Do it right, and you’ll feel smarter. Do it wrong, and you’ll look dumb.

“When we ask for advice we are usually looking for an accomplice.” — Charles Varlet de La Grange

Asking for advice is not easy.

Are you reluctant to request help at work or home? Do you feel odd or weak for asking people for advice?

You are not alone. Most people think that asking for help is a sign of weakness. They are afraid to look dumb, insecure, or incompetent. As Brené Brown wrote, ”We mistakenly fall prey to the myth that successful people are those that help rather than need, and broken people need rather than help.”

Recent studies show the opposite. But, most people don’t know how to ask for advice.

In a society based on self-help, it seems weird to encourage people to learn how to seek for advice. But hard work, smarts, and drive are not enough. Successful people know how to ask for help.

Asking for advice is not a problem. The difference between looking dumb (or not) lies in how you do it.

Your Reputation Reflects How You Ask

Most people have trouble asking for help. But they don’t realize it.

In her book, The Art of Asking, Amanda Palmer explains that we should accept help when it’s offered. And actively seek it and request it.

The instinct to not seek advice is pointless. You can lose vital help when you need it the most.

Contrary to popular belief, asking for advice creates a positive impression. Research shows that when you ask for advice, people don’t think less of you. It makes you look smarter, more confident, competent, and likable.

Intellectual humility helps you grow. Seeking advice encourages curiosity, learning, and builds strong relationships. It has an upside for your advisor too: it boosts their ego.

“I’m smart, that’s why people ask for my advice.”

A study shows that people who were asked for advice rated their partners higher on competence. It creates a reciprocal relationship. Each party feels more open to asking for help to the other in the future.

However, asking too many people for advice can backfire.

You Are Looking for Input, Not Running a Poll

First, you won’t be able to take everyone’s advice. Also, too much input can be as harmful as having none. You will feel confused and overwhelmed. But, most importantly, people will think you are clueless.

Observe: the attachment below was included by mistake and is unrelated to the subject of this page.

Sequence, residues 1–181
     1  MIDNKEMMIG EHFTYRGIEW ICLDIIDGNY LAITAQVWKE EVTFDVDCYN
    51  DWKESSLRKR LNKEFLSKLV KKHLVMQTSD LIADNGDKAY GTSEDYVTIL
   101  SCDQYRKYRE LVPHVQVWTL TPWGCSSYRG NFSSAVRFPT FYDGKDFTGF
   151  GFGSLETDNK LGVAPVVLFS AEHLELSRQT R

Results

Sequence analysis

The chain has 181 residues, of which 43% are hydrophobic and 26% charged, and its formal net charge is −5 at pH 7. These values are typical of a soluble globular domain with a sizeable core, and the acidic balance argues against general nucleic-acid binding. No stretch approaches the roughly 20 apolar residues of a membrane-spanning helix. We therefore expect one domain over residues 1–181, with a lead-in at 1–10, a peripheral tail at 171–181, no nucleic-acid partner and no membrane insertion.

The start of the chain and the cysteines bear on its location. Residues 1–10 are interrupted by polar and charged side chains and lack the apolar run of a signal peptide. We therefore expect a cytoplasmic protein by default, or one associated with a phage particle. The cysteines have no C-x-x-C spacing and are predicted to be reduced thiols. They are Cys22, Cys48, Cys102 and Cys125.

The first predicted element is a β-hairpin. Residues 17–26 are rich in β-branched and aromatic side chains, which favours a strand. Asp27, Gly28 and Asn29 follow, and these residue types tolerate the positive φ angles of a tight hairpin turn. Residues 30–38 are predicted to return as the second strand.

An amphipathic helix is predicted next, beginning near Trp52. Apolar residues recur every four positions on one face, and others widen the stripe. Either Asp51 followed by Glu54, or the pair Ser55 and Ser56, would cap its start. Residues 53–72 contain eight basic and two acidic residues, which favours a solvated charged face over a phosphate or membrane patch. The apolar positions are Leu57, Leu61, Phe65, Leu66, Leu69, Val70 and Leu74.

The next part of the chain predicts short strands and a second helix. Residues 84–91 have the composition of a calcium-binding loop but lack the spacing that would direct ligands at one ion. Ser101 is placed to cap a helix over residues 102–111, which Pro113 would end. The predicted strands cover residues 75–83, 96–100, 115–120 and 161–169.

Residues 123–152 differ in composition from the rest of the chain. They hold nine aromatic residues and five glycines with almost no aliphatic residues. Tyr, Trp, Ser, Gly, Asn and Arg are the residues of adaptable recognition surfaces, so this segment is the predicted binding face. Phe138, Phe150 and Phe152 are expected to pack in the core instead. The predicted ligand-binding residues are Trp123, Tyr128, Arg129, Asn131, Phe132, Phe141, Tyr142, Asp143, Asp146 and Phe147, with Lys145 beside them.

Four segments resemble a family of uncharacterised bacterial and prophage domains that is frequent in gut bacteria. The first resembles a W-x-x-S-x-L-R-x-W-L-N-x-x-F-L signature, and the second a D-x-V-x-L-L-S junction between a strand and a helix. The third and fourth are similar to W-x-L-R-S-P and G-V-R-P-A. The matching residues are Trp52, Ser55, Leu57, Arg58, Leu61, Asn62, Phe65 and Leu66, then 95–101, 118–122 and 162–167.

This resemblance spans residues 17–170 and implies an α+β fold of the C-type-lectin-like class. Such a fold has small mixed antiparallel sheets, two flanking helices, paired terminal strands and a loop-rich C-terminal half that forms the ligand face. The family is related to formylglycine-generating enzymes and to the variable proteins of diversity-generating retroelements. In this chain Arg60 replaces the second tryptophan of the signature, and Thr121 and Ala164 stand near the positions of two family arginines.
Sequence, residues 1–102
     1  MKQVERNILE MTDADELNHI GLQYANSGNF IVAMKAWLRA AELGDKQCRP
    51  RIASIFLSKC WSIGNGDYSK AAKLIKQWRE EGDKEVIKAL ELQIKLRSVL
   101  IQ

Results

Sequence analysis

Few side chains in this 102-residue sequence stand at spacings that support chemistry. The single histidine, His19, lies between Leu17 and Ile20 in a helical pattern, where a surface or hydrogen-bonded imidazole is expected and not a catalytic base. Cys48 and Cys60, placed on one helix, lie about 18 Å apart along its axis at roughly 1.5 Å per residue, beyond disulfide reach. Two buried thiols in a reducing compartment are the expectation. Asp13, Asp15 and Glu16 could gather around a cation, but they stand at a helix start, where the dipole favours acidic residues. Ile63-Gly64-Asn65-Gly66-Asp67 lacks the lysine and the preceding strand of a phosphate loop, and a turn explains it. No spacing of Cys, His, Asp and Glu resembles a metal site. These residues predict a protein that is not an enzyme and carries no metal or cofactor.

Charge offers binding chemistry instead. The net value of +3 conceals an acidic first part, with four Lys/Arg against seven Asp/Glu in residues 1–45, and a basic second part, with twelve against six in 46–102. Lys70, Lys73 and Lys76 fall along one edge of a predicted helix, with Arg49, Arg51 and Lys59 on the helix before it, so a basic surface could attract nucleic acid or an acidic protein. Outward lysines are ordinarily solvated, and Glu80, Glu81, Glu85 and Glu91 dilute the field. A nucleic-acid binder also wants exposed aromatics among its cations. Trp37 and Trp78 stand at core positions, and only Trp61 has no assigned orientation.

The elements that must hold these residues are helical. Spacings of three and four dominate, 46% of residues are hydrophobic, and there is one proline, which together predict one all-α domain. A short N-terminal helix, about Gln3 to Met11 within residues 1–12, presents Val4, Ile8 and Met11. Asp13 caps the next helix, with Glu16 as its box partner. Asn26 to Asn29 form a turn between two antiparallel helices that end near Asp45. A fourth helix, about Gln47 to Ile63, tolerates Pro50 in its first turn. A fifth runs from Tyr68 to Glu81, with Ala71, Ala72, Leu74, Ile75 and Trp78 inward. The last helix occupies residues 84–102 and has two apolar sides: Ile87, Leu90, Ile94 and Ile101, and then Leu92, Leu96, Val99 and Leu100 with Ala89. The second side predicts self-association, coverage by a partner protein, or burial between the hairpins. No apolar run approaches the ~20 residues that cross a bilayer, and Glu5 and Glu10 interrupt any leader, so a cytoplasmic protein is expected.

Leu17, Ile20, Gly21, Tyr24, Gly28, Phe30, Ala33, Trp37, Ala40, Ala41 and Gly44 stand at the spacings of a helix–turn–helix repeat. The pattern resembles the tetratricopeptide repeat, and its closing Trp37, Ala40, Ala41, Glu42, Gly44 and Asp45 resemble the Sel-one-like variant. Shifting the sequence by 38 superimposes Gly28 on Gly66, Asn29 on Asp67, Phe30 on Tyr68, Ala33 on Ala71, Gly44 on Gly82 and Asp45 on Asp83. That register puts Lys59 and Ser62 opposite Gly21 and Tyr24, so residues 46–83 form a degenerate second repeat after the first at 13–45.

People believe that if you talk to everyone, you won’t follow anyone’s advice. Nobody wants to waste their time. But, also, advice-giving is a means to generate prestige. People want to feel important, not become one of your many sources.

Asking for advice is different than running a poll. You don’t need to capture everyone’s opinions but those that matter.

Research shows that advisors feel offended when advice seeker ignore their recommendations. Your colleagues or friends become less secure if you hurt their feeling. They will see you as less competent.

However, most people tend to consult more than one person. And more than half say that they will ignore the advice — regardless of what it is.

Asking for advice is different than running a poll. You don’t need to capture everyone’s opinions to make the right call. Click To Tweet

Don’t ask for advice if you don’t plan to use it.

Look for Advice, Not Comfort

“Whenever you find yourself on the side of the majority, it is time to pause and reflect.” — Mark Twain

Empty your cup. We can’t learn new things if we can’t let go of our ideas. What’s the point of asking for advice if you are not open to unexpected answers? Other people can see the problem from different angles. Don’t expect people to think like you. Embrace new perspectives.

Don’t discount advice. The most common mistake is to undervalue — or dismiss — other people’s suggestions. Organizational behavior research shows that people put more stock in their own opinions. Executives in powerful positions tend to disregard advice from experts. Their desire to win is more prominent than making the right choice.

Former editor-in-chief of Success Darren Hardy once said: